trend: (n.) a general direction in which something is developing or changing
– English Oxford Dictionary
Each year New York City consumers experience new flavor combinations that take the culinary world by storm, and 2018 is no different. While new food trends don’t instantly appear as snacks or meals in micro-markets or vending machines, they will eventually make their way toward the office break room.
Here are a few new food trends that you’ll likely see in 2018.
Foods from Hawaii—where East meets West
For years, the Hawaiian islands have been known for their native dishes such as Poi, a staple food made from the root of the taro plant. The influx of cultures from around the world has, however, created new dishes that have made their way across the continental United States. Don’t be surprised if you see any of the following around New York City in 2018.
- Poke (pronounced “POH-keh”) Bowl: chunks of raw, marinated fish, usually tuna, tossed over rice or quinoa, and topped with vegetables and umami-packed sauces.
- Loco Moco: 1st layer: white rice or fried rice; 2nd layer: a beef patty, Spam, or Portuguese sausage; 3rd layer: brown gravy; 4th layer: a fried egg
- Malasadas: a Portuguese, eggy, yeast doughnut (with no hole) that is fried and rolled in sugar
Is it art, or is it food?
Neither—it’s both. Chefs are using a mix of high-antioxidant fruits and vegetables to create eye-candy colored delicacies that that are part art and part food. Whether it’s a snack, a sweet treat, or a gourmet coffee, there are endless possibilities when it comes to combining a variety of flavors and colors to create healthy snacks and beverages. Keep an eye out in New York City for new snack and meal choices that are almost too colorful to eat.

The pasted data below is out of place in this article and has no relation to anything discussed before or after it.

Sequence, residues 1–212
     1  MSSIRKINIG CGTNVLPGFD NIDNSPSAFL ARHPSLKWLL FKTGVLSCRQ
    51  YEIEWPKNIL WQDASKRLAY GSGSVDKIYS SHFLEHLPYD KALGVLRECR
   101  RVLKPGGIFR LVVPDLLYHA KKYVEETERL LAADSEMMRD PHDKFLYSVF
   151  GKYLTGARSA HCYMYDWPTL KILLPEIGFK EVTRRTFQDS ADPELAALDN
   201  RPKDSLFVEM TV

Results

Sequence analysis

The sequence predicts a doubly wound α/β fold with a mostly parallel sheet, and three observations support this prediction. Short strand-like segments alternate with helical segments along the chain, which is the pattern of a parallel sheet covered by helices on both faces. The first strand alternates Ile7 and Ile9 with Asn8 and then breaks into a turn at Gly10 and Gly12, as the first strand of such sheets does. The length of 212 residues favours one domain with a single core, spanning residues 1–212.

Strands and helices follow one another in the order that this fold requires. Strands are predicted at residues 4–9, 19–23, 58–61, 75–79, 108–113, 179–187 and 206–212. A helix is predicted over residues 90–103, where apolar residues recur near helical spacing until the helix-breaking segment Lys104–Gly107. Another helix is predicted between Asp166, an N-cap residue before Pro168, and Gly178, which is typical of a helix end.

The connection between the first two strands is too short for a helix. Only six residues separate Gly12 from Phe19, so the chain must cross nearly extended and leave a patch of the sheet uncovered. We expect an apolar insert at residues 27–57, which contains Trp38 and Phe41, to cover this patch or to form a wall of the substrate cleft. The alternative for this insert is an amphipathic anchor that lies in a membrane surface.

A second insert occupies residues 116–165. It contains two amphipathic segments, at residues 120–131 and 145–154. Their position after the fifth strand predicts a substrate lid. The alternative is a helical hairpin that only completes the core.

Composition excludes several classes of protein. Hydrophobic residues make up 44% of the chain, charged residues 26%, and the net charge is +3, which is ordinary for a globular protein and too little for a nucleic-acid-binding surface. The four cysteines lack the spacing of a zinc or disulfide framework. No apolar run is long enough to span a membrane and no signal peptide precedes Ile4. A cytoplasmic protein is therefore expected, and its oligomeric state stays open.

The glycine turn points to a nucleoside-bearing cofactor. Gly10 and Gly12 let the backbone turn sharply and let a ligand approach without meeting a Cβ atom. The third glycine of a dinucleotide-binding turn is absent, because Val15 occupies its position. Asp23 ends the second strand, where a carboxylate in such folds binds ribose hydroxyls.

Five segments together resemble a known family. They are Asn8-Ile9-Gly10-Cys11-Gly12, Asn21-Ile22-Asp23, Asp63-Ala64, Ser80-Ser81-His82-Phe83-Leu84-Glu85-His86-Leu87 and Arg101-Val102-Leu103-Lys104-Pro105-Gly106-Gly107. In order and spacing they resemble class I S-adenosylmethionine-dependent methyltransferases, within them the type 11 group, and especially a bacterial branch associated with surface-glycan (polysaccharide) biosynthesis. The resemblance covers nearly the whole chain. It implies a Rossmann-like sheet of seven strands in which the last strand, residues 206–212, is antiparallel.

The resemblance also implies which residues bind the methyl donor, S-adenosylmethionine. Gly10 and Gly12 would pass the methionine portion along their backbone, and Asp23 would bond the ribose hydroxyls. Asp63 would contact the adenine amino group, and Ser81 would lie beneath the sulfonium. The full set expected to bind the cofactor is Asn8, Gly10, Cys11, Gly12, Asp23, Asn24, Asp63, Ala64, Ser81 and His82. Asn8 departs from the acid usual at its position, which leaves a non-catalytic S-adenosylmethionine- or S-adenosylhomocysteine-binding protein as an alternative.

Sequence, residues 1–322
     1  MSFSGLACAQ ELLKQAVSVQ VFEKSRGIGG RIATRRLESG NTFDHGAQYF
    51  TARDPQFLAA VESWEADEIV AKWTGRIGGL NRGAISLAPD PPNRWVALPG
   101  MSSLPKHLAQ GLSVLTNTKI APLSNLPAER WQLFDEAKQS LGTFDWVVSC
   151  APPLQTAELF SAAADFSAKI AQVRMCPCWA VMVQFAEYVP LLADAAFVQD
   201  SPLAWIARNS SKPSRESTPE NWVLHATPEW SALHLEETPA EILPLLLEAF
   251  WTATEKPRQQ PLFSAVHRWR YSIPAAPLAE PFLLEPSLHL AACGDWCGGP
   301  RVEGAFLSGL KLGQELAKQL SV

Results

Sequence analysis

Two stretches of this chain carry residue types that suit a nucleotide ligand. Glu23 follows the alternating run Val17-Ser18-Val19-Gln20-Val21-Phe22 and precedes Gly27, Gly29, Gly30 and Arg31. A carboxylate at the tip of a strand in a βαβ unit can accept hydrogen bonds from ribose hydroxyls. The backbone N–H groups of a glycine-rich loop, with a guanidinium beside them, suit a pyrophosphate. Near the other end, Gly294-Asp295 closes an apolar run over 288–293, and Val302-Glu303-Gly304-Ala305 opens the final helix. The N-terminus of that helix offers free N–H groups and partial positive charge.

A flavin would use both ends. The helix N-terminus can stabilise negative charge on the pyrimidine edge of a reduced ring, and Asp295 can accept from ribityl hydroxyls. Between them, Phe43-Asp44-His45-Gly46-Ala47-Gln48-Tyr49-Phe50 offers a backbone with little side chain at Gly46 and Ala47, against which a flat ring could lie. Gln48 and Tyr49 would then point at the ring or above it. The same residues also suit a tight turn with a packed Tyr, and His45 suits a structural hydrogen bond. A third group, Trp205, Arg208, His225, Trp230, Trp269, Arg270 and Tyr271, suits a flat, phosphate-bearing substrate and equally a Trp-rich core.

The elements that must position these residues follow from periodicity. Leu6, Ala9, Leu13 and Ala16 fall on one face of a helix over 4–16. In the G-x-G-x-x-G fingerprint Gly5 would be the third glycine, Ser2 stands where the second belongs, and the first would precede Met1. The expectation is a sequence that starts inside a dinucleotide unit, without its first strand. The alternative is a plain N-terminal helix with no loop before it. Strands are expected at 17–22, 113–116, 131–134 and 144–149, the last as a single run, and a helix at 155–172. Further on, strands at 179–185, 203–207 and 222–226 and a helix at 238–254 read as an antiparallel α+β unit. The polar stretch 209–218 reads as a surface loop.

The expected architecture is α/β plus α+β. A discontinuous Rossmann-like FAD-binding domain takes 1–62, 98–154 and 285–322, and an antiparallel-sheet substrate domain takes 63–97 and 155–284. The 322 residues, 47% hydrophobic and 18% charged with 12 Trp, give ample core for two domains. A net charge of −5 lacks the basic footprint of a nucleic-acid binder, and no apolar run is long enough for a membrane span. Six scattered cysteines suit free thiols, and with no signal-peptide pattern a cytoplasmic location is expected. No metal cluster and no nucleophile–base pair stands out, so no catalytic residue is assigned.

- Green: kale, spinach, peas, broccoli, and kiwi
- Red: cranberries, strawberries, cherries, tomatoes, and pomegranates
- Blue/Purple: beets, purple cauliflower, blueberries, eggplant, and plums
- White: bananas, cauliflower, jicama, parsnips, and turnips
- Orange/Yellow: lemons, carrots, peaches, mangoes, and sweet potatoes
- Brown/Black: coffee, chocolate, mushrooms, or licorice
Figs and Pistachios—Two Rising Stars
Both figs and pistachios have been grown in different parts of the Mediterranean, Asia, and the Middle East for centuries. It looks like they will both now have a permanent place in New York City cuisine. Figs, a fruit grown on trees, can add a wide range of flavors from a hint of maple syrup to a nutty, coffee flavor to almost any dish. Pistachios, a member of the cashew family, also grow on trees and are a nutritionally dense food that pairs well with a wide variety of other ingredients because of its buttery and smooth flavor. If you see any one of the following snacks around New York City, give it a try.
- Snacks with Figs: fig bars, dried figs, pastries filled with fig paste, and jam made from figs
- Snacks with Pistachios: roasted or raw pistachios, pistachio ice cream, pistachio cookies, and trail mixes
Which trends would your New York City employee like to find in their office break room? If it is time to update your micro-market or vending machine options, Champion Vending can help you customize the right combination of snacks, beverages, and meal choices. For more information about traditional or healthy choices, call us at 800.558.5450.